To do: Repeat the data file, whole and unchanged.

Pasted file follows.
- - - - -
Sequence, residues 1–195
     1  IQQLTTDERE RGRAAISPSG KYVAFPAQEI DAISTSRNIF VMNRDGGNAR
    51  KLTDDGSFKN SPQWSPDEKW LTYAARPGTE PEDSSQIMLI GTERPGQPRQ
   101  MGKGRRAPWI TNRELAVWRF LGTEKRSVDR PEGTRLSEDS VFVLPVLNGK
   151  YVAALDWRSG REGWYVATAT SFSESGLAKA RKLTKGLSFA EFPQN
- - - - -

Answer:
Sequence, residues 1–195
     1  IQQLTTDERE RGRAAISPSG KYVAFPAQEI DAISTSRNIF VMNRDGGNAR
    51  KLTDDGSFKN SPQWSPDEKW LTYAARPGTE PEDSSQIMLI GTERPGQPRQ
   101  MGKGRRAPWI TNRELAVWRF LGTEKRSVDR PEGTRLSEDS VFVLPVLNGK
   151  YVAALDWRSG REGWYVATAT SFSESGLAKA RKLTKGLSFA EFPQN